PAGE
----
Years ago, I read famed author Roger Kahn's book called The Era, 1947-1957: When the Yankees, the Giants, and the Dodgers Ruled the World, which was released 21 years after his better known The Boys of Summer first hit shelves. It was a fascinating read. I learned tons, and one of the biggest things I took away from the book was that 1947 was one of baseball's most headline worthy years. Between Jackie Robinson and Larry Doby integrating baseball, Brooklyn Dodger manager Leo Durocher getting suspended due to gambling, and the thrilling 1947 World Series, I could probably sit here and talk about 1947 with you guys all day. However, we'll stick to one particular moment that may have been forgotten, and save all that other stuff for another day. It happened in Game 5 of the Fall Classic, the Brooklyn Dodgers facing the New York Yankees. With the Series tied at 2 games apiece, Game 5 was critical. Whichever team won would put their opponent's backs firmly against the wall. So what happened? With the Yankees up 1-0 in the top of the 5th at Ebbets Field over in Brooklyn, Joe DiMaggio hit a solo home run to put the Bombers up by 2. And that ended up being the deciding run! Yanks rookie starter Spec Shea ended up tossing a complete game, allowing just a single run. Yankees win 2-1. Had DiMaggio not hit that dinger when he did, who knows what ends up happening. Maybe the Dodger franchise wouldn't have had to wait until 1955 to finally win their first title. (suggested reading: Electric October: Seven World Series Games, Six Lives, Five Minutes of Fame That Lasted Forever)
Hey I'll be totally honest with you here. For a World Series that ended in a sweep, the 2005 World Series is one of my favorites. I watched every second of it in high school. And I will say, for a series that obviously was completely in the Chicago White Sox's favor (they swept the Houston Astros), the 4 games were all close, none decided by more than 2 runs, and the Series as a whole had its fair share of memorable moments. From Paul Konerko's grand slam, to Geoff Blum burning his former team, to Mark Buehrle notching a save, to the 1-0 final score in the deciding game, I really liked the 2005 World Series. But the most shocking of moments came courtesy of Scott Podsednik. Podsednik had a nice year playing leftfield for the 2005 Chisox, posting a .290/.351/.394 slash line, stealing 59 bases, and finishing 12th in the American League MVP voting. But one thing he didn't do a lot of in 2005 was hit for power, in fact he hit 0 home runs over 568 plate appearances. Podsednik then surprisingly hit one in a blowout victory in the Sox opening playoff game against Boston. You'd think we'd all be satisfied with that one postseason bomb after a season where he hit none. Then Podsednik outdid himself. In Game 2 of the World Series, right after 37-year old Jose Vizcaino (no stranger to October heroics) tied the game for the Astros in the top of the 9th, Podsednik came to bat in the bottom portion of the inning with one away. And he did the improbable. Podsednik hit a walk-off home run off Astros closer Brad Lidge, his second of the postseason, after recording ZERO in the regular season. You can't script October! (suggested reading: Sox and the City: A Fan's Love Affair with the White Sox from the Heartbreak of '67 to the Wizards of Oz)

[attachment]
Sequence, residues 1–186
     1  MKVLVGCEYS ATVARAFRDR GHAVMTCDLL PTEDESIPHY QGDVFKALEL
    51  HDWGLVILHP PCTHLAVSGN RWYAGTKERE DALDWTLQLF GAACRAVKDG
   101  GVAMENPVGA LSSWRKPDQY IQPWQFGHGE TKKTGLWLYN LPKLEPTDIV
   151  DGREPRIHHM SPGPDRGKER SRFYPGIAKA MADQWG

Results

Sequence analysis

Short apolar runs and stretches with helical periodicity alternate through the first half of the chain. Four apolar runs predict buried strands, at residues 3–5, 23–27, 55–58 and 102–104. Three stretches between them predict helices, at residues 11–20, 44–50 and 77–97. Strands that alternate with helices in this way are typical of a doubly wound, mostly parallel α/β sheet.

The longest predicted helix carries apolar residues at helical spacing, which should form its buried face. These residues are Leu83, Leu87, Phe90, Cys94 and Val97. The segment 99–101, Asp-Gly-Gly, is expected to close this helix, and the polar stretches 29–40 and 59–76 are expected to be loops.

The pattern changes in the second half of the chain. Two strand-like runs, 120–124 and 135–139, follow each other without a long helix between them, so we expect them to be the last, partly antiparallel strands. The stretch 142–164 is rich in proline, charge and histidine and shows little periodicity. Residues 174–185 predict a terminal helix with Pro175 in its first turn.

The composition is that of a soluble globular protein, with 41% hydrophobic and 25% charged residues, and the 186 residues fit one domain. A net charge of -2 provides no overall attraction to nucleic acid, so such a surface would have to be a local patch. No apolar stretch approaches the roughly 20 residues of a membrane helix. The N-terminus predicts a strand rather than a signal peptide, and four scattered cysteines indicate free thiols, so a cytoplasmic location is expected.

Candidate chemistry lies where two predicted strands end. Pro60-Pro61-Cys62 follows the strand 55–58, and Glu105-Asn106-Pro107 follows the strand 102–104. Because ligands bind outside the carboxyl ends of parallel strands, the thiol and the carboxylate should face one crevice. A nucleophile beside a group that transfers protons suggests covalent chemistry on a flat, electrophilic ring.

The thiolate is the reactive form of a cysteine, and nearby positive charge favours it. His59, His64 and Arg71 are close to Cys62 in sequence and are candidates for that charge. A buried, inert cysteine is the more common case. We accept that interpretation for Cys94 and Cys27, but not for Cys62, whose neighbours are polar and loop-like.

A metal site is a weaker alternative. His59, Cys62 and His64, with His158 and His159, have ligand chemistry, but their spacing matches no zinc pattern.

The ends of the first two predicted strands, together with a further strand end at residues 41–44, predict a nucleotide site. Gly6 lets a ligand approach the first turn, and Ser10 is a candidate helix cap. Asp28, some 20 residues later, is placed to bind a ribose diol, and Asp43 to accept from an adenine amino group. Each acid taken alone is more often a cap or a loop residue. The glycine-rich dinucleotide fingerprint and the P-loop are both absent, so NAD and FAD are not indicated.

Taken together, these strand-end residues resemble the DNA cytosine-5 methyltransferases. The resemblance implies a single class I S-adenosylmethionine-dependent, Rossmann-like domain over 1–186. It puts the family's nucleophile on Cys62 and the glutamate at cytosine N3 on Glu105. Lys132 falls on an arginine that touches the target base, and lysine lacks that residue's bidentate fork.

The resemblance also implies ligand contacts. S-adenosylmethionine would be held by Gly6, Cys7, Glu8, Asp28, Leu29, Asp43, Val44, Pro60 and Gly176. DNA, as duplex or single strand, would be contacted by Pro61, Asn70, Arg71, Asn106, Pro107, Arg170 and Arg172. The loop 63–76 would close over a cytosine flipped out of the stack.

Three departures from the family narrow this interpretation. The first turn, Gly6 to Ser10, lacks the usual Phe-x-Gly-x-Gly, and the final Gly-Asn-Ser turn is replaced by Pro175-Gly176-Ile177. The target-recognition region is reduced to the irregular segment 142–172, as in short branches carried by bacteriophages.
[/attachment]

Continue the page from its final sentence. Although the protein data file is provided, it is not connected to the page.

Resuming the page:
This is one of baseball's all-time most dramatic home runs hit by one of baseball's all-time best players. So what happened? In 1972, the Pittsburgh Pirates and the Cincinnati Reds squared off for the National League pennant in a rematch of the 1970 NLCS (which was won by the Reds). The two teams traded wins in this best-of-5 series, and entered the deciding Game 5 with 2 wins each. With the Pirates leading 3-2 going into the bottom of the 9th, it looked as if they'd avenge their 1970 loss. The Bucs sent out closer Bob Giusti, with 2.2 scoreless innings to his credit already in the Championship Series, to close the door on the pennant. Instead, what resulted was a meltdown. Bench led off the frame with a game-tying home run, destroying any chance of Pittsburgh winning in regulation. After back-to-back singles, Giusti was replaced by Bob Moose. After recording the first two outs (though one of them via a deep fly ball allowing the lead runner George Foster to reach third), Moose uncorked a wild pitch to score the winning run as the Reds stunned the Pirates for the National League crown. It wouldn't have been possible if Bench didn't get the party started. What an ending! (suggested reading: Echoes of Cincinnati Reds Baseball: The Greatest Stories Ever Told)